COPH celebrates Outstanding Staff Award winners

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Three USF College of Public Health staff members, Megan Ditizio, Samantha Haylock and Tara Greer, were recipients of the 2016 Outstanding Staff Awards. Their achievements were celebrated at a ceremony in the USF School of Music Concert Hall on April 4, 2017.

The event was hosted by President Judy Genshaft. She spoke about the importance of the Outstanding Staff Awards, which recognizes employees who exemplify excellence through their daily commitment to USF.

During the awards ceremony, each employee was spotlighted as they received a plaque and a check for $500.

Outstanding Staff Award winners, Samantha Haylock, Megan Ditizio and Tara Greer (Photo by Caitlin Keough).

Outstanding Staff Award winners, Samantha Haylock, Megan Ditizio and Tara Greer (Photo by Caitlin Keough).

“To be nominated is a joy; Receiving it is an honor,” said Megan Ditizio, manager in the fiscal and business administration of the COPH’s Office of Research Administration.

Ditizio works with faculty and staff on proposal preparation and compliance, as well as management of awarded sponsored projects. She sees her role as a liaison between the college and funding agencies to assist faculty and program staff in research-related activities and achievements.

As a new faculty member at USF, Dr. Janice Zgibor, associate professor in the Department of Epidemiology and Biostatistics, was under a tight timeline to secure grant funding. She said was pleased to know that we had pre-award support, something unheard of at her previous institution.

“To say Megan provides “support” does not do her justice. During my first six months on the faculty, she did the pre-award work for four investigator initiated proposals and three subcontracts. I would have not been able to rise to that level of productivity without Megan,” Zgibor said. “She not only is a wizard at budgets, but is exemplar in all details required for submission. Most importantly, when my stress is at its highest level, she knows just when to offer a coffee break in her office. Research faculty could not possibly function without her.”

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Tara Greer, academic services administrator for the Office of Academic and Student Affairs, said that she was very appreciative of the award and grateful for the nominations.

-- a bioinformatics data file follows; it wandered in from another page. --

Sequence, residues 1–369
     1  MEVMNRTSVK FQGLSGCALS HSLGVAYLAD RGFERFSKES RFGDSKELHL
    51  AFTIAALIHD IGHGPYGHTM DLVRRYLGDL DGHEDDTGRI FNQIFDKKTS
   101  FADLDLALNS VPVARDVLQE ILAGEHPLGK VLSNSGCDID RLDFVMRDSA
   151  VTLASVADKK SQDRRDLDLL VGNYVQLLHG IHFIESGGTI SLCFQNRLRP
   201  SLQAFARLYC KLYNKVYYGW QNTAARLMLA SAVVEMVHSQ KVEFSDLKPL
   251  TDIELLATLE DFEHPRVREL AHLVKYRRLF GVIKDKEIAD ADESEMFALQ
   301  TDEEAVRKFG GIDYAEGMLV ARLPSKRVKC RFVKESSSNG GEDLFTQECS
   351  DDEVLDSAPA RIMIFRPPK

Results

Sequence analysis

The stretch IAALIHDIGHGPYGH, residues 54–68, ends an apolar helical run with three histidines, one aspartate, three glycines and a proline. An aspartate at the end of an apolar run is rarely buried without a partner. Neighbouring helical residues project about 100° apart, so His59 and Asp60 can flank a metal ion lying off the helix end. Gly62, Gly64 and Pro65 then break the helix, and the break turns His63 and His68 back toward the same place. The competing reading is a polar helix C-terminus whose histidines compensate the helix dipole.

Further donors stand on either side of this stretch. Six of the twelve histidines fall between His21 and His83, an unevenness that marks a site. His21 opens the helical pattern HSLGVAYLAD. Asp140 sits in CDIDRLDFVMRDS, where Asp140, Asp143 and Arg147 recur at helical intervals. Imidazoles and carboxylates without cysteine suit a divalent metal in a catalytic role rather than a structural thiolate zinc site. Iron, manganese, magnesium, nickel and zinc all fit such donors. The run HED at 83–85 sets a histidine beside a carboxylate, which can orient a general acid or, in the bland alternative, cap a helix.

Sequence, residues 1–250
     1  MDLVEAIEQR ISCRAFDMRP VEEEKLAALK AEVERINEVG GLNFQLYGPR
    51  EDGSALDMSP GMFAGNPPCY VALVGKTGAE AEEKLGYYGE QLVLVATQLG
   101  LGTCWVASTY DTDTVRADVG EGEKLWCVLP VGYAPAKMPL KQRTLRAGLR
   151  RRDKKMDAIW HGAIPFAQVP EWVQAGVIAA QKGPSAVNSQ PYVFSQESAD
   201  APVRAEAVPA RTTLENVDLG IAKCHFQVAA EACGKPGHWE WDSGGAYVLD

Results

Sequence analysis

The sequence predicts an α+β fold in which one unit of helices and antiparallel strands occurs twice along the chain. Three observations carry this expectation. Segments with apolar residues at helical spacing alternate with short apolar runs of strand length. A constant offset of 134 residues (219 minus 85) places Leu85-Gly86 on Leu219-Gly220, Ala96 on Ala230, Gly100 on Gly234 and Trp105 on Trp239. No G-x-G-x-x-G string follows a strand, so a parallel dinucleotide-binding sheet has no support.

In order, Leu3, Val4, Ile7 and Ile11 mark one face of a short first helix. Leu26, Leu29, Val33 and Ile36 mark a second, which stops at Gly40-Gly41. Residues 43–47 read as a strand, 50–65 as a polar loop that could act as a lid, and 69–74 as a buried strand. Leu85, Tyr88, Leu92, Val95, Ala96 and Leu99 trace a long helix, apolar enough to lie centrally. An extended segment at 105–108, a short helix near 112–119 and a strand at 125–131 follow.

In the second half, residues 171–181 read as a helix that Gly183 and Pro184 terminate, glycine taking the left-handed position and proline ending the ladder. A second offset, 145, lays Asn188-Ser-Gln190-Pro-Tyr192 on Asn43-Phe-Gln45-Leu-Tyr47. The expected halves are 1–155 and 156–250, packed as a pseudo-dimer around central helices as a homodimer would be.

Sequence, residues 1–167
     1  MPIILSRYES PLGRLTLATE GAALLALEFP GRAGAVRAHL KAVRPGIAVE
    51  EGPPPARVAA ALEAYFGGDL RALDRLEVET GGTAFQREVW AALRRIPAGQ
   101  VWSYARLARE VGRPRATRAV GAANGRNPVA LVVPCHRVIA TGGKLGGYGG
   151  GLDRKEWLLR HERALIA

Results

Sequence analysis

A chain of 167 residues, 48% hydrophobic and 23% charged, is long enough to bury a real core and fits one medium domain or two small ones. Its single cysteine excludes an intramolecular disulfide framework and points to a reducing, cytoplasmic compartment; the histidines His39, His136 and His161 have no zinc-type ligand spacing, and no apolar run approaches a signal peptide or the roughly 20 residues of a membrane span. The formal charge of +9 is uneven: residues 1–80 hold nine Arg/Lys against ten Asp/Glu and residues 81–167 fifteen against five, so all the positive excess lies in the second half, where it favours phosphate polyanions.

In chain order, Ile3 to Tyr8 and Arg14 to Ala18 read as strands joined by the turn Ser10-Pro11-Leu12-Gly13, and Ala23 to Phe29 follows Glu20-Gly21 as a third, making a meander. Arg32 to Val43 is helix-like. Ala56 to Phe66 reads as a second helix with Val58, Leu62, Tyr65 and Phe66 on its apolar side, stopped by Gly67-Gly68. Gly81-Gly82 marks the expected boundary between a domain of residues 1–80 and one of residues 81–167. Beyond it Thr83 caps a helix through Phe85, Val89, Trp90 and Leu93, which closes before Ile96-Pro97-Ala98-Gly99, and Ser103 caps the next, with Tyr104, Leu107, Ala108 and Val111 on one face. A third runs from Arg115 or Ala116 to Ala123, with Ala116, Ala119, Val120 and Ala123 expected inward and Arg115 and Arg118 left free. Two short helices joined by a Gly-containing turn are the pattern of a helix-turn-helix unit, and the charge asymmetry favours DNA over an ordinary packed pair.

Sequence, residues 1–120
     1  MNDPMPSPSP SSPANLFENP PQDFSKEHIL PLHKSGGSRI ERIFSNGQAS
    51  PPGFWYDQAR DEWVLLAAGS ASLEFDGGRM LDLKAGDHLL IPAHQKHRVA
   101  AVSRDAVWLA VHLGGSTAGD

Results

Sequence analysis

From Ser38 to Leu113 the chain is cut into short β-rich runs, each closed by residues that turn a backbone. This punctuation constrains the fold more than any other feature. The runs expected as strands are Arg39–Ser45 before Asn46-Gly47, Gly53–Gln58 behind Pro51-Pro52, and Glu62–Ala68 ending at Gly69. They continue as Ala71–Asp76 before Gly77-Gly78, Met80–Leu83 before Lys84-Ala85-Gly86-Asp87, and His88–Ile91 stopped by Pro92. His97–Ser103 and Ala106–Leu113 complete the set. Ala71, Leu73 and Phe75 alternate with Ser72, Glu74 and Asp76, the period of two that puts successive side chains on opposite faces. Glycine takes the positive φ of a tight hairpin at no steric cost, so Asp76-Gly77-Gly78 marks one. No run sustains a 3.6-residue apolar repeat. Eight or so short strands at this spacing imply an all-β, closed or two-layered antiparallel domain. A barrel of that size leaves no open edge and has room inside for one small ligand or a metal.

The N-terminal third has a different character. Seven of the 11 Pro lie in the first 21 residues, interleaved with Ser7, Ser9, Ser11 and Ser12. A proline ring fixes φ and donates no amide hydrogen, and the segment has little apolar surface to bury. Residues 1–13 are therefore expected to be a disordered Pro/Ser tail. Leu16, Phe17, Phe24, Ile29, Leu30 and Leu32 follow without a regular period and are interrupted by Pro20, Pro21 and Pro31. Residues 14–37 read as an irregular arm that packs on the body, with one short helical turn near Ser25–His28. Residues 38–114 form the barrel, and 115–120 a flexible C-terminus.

“I nominated Tara because she is efficient, responsive, innovative, a great team player and works well with everyone,” said Dave Hogeboom, assistant director of programs and outcomes at the COPH.

Greer analyzes quantitative and qualitative data and report findings, administers surveys for the college, analyzes results and report findings, and maintains COPH guidebooks and syllabus/course inventories. She is also the academic affairs representative on the education committee. She reviews and processes all curriculum changes for the college, CPH exam and graduation certification, and supports the director of academic programs and outcomes.

“Tara Greer is brilliant, a pleasure to work with and enhances the quality of all projects that involve her,” said Dr. Steven Mlynarek, professor in the Department of Environmental and Occupational Health.

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Samantha Haylock, COPH alumna and assistant director of operations and strategic initiatives at the COPH was nominated by Jay Evans, associate dean of finance, operations and human resources at the COPH.

Over the past year, Haylock has been involved in three key initiatives to improve how the COPH works.

She led efforts to automate academic and business processes by facilitating the development and implementation of multiple applications focused on student success and the transition of the internal hiring processes for students, faculty and staff into the Archivum platform.

Additionally, she created initiatives to centralize support for travel and event management. As a result of these initiatives, other staff could focus on their primary duties. Travel submissions were improved in accuracy, events were standardized, and the COPH obtained cost savings through centralized food and supplies purchasing.

“Preeminence requires A-level players and everyone who works with her knows that she is clearly on that level. Never one to settle for ok or status quo, she pushes her peers in the College, her partners in IT, and me to be the best that we can be at what we do,” Evans said. “She is the type of person who constantly asks what more she can be doing, what she can be doing better, and what she can be doing to help, me or others in the College.”

Story by Caitlin Keough, USF College of Public Health